"Buenos dias", "buenas noches" -- this was the first words in a foreign language I heard in my life, as a three-year old boy growing up in developing post-war Western Germany, where the first gastarbeiters had arrived from Spain. Fascinated by the strange sounds, I tried to get to know some more languages, the only opportunity being TV courses of English and French -- there was no foreign language education for pre-teen school children in Germany yet in those days. Read more
To find some answers Tim Machan explores the language's present and past, and looks ahead to its futures among the one and a half billion people who speak it. His search is fascinating and important, for definitions of English have influenced education and law in many countries and helped shape the identities of those who live in them.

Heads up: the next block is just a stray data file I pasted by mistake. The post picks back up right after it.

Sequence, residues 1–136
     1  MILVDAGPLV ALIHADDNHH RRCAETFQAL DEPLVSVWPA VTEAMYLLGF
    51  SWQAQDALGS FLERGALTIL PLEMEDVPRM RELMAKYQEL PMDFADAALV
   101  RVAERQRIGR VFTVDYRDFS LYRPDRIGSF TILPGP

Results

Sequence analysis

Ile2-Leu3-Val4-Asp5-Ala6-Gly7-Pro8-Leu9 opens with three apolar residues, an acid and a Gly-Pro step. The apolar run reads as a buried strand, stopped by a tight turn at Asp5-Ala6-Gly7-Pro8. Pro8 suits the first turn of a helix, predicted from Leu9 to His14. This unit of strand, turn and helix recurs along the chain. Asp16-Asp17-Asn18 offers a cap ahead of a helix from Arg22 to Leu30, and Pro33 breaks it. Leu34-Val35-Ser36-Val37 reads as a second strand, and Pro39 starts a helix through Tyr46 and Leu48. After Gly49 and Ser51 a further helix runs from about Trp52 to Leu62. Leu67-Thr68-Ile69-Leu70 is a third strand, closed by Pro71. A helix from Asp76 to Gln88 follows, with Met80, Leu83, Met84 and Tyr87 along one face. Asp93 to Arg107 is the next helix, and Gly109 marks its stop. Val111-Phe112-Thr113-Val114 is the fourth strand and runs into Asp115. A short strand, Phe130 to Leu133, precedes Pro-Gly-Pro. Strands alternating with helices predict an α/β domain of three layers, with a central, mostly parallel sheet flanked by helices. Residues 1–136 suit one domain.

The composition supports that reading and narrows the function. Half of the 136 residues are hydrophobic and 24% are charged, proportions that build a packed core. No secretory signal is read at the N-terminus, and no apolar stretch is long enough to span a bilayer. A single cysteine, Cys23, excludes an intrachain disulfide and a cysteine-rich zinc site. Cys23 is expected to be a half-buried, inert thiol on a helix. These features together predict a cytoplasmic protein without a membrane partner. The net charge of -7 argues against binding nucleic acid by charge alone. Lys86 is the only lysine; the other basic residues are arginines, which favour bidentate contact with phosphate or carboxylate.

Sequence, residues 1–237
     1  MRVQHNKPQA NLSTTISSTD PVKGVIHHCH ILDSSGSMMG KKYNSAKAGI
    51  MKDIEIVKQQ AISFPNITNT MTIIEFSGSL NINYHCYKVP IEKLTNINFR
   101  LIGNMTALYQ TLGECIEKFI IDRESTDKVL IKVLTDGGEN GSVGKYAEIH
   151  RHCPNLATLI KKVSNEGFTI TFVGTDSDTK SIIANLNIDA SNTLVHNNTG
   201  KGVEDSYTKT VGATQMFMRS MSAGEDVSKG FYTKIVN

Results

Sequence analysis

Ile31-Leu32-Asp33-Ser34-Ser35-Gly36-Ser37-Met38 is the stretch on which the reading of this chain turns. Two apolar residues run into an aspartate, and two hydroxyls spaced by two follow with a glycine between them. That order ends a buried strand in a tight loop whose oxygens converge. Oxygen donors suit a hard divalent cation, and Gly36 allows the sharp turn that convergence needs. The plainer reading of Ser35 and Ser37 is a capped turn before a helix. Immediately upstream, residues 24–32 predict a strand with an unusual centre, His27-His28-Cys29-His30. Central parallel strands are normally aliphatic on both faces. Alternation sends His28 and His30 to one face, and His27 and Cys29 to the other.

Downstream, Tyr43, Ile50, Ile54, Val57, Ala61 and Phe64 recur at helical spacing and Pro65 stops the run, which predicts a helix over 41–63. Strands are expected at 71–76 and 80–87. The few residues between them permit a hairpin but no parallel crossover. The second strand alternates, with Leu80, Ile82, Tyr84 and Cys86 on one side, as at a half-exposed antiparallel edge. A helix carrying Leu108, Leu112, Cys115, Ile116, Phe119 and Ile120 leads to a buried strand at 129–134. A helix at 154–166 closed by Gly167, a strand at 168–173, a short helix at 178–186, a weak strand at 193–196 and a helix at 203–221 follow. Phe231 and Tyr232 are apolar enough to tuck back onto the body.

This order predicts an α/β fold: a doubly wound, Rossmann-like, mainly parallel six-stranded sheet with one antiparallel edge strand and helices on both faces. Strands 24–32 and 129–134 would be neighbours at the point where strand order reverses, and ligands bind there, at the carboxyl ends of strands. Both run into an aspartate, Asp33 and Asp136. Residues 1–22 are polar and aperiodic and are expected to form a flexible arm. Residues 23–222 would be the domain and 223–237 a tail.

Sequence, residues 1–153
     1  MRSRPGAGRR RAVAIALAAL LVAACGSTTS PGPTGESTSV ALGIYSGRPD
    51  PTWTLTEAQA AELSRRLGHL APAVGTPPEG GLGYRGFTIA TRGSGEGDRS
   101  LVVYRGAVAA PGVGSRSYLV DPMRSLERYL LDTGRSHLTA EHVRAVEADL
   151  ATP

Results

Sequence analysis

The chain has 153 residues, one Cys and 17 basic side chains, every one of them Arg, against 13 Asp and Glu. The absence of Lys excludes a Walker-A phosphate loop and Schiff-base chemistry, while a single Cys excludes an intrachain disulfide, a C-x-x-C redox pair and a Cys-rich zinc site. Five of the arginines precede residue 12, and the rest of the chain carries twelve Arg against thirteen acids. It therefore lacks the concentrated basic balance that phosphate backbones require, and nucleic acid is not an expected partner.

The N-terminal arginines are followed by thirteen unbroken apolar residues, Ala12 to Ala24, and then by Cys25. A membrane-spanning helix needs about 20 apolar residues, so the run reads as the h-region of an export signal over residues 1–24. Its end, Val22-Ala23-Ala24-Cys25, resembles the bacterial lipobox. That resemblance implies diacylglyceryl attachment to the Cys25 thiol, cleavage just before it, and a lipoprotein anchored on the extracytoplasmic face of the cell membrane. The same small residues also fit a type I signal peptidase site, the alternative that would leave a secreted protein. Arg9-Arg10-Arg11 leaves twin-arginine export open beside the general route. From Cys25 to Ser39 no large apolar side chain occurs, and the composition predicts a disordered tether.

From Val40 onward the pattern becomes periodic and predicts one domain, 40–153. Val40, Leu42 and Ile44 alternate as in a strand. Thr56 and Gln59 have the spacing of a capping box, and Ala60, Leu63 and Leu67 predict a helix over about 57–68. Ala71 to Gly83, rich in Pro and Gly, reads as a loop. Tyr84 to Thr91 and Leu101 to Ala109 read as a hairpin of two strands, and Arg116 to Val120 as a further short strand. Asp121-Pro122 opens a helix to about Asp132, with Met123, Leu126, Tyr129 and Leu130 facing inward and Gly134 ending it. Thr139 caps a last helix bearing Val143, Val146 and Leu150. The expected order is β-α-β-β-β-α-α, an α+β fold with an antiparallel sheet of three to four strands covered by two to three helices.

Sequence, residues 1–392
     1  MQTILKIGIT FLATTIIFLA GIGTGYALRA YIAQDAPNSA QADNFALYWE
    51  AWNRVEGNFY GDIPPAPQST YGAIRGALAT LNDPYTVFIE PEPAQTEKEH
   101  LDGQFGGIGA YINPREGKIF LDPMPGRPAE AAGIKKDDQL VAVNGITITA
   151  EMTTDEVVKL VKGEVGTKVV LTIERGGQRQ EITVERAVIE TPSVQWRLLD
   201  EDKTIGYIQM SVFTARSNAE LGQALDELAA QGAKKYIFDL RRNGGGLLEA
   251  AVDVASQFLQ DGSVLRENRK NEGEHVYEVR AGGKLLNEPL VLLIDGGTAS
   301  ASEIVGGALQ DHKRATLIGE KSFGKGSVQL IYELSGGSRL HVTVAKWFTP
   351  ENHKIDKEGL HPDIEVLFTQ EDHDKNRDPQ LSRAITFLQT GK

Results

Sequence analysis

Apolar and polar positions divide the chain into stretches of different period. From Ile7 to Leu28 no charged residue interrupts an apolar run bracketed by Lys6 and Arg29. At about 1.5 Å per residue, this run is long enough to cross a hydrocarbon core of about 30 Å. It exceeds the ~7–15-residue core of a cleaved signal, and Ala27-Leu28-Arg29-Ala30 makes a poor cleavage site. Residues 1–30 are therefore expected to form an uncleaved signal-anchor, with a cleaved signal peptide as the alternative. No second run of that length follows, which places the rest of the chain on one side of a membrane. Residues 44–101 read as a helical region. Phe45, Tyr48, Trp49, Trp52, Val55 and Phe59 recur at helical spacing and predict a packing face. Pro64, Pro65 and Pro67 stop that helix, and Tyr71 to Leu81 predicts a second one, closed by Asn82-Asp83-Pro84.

This volume provides a new perspective on the evolution of the special language of medicine, based on the electronic corpus of Early Modern English Medical Texts, containing over two million words of medical writing from 1500 to 1700.
Some auditory and acoustic observations on the phonetics of [ATR] harmony in a speaker of a dialect of Kalenjin
Conventional treatments of vowel harmony processes routinely make two important assumptions: first, only vowels are implicated in the harmonic process and second, the phonologically relevant harmony features have a transparent (intrinsic) phonetic interpretation (IPI). Consonants are typically treated only insofar as they interfere with such harmony (van der Hulst and van der Weijer 1995 provide a concise overview of harmony processes and their interpretation). Phonetic data on 'advanced tongue root' [ATR] harmony in the Tugen dialect of Kalenjin appears to challenge both these assumptions.